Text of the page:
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Apple

Apple CEO: We can make a ‘significant contribution’ in health care

Apple has big plans in health care, which go beyond wellness apps and tools

PUBLISHED : Wednesday, 14 February, 2018, 11:13am
UPDATED : Wednesday, 14 February, 2018, 11:20am

By Christina Farr and Paayal Zaveri

Apple CEO Tim Cook talked up Apple’s ambitions in the health care sector, hinting that it will move beyond wellness apps and devices, like its step-tracking Apple Watch.

Cook acknowledged at the company’s annual shareholders meeting in Cupertino, California that the health care sector, which is notoriously complex, doesn’t always encourage new players to innovate. But he reassured shareholders that he views Apple as having a “great position,” in the sector, by taking a more consumer-friendly approach.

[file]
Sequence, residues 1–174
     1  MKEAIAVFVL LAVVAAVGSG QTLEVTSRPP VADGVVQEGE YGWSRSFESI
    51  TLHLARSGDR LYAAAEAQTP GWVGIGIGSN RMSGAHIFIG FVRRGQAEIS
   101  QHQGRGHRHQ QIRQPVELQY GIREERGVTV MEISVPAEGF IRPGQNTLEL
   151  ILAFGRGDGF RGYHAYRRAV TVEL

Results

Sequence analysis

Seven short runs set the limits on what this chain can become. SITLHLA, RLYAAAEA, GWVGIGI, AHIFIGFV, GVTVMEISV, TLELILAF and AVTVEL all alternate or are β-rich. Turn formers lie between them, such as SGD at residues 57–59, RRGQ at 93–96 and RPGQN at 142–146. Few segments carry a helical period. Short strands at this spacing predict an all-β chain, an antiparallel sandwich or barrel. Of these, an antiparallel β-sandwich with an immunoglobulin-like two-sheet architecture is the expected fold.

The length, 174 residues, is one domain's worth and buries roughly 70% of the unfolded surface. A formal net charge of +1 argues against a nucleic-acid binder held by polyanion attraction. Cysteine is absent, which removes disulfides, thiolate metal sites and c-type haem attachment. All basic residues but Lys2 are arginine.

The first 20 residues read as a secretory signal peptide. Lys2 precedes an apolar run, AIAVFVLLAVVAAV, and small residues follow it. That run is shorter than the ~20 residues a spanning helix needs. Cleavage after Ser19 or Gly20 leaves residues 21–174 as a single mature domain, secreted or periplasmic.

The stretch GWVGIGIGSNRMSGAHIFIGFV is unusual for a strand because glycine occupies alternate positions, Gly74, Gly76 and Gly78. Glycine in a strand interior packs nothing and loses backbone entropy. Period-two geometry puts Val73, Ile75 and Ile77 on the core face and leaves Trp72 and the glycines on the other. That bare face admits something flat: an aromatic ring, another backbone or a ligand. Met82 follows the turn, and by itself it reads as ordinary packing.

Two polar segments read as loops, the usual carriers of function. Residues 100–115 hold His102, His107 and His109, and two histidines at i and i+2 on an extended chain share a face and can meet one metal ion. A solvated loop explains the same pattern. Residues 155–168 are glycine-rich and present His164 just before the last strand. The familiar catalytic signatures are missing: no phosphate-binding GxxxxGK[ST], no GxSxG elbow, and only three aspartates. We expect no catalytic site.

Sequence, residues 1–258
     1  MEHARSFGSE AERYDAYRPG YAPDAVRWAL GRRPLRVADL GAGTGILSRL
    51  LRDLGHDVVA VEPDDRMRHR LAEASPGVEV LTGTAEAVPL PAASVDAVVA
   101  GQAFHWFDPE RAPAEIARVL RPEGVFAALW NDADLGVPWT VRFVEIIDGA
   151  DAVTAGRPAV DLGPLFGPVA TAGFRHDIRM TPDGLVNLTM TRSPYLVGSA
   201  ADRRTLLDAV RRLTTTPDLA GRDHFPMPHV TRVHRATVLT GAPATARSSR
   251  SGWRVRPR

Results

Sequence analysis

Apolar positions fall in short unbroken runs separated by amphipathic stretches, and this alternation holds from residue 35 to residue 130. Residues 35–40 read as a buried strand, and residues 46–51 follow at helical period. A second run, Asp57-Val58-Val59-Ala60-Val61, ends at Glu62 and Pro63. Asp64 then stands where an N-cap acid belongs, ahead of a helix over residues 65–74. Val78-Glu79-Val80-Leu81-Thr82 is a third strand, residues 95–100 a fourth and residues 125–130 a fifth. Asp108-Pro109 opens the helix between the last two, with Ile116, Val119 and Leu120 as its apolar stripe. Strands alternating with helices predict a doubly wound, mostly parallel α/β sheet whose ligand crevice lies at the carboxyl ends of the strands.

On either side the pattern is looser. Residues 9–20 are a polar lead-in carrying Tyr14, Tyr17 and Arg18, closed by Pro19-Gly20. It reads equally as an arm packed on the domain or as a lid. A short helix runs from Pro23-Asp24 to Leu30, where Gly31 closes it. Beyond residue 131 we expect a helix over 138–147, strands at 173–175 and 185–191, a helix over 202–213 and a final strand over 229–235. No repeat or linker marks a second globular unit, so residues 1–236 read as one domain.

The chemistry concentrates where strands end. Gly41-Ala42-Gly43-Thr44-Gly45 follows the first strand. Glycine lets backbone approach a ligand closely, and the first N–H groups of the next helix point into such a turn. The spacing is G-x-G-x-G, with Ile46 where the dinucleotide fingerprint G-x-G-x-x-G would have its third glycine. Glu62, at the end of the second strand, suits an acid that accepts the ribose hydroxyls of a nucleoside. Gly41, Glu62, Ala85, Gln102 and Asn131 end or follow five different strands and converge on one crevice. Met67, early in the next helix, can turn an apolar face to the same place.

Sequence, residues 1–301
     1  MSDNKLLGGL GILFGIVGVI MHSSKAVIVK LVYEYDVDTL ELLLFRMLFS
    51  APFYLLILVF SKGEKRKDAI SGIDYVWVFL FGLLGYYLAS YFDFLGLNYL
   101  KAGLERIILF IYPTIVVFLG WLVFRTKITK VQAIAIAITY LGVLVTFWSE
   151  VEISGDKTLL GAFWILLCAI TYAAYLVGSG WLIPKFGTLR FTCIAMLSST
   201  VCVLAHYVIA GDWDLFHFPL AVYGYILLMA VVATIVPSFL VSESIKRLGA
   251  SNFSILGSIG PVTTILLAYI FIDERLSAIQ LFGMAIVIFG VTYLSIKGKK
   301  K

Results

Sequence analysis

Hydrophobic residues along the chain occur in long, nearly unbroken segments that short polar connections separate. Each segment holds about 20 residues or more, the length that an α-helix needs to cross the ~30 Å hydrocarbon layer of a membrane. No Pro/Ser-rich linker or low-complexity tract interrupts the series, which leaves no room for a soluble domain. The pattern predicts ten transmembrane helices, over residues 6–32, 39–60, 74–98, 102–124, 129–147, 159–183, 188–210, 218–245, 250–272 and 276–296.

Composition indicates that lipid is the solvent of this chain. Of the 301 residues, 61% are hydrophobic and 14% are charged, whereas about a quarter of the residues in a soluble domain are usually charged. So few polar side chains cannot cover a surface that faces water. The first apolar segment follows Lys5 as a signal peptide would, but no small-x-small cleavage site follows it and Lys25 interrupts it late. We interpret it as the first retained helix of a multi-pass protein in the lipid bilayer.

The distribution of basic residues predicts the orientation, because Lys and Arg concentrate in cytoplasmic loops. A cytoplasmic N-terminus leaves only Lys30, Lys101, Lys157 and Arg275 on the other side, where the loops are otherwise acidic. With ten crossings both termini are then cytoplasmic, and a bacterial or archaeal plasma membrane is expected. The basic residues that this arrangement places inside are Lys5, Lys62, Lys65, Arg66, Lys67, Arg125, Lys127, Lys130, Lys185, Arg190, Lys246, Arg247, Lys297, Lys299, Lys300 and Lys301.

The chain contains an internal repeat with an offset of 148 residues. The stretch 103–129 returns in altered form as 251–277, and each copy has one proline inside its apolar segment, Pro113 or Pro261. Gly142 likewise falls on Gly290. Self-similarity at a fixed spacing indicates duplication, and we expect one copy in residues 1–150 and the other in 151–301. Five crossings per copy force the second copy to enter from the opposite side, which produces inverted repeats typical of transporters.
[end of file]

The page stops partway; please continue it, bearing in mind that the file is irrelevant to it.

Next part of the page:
Apple’s iPhones now include software for consumers and health developers to access medical information . But it also has a business-to-business strategy, as its iPad and other devices are also widely-used in the medical community, particularly among doctors.

To get beyond wellness, Apple will need to work with federal regulators going forward. Cook also said in the meeting that he’s “not worrying” about whether the government will agree to reimburse its offerings.

Apple is already collaborating with the U.S. Food and Drug Administration for a pilot programme to help the agency figure out how to regulate lower-risk digital health products. While it might not be getting widely reimbursed by insurers, it has locked down a partnership with the health insurer Aetna to get discounted Apple Watches into the hands of its members.

Cook also mentioned the company’s efforts to bring medical records to the iPhone. This product is still in beta, and only about a dozen hospitals are signed up, although the company has big ambitious to open this up more broadly to the entire U.S. health care ecosystem.

“The more and more time we spend on this,” explained Cook, “the more excited I am that Apple can make a significant contribution here.

Read the original article at CNBC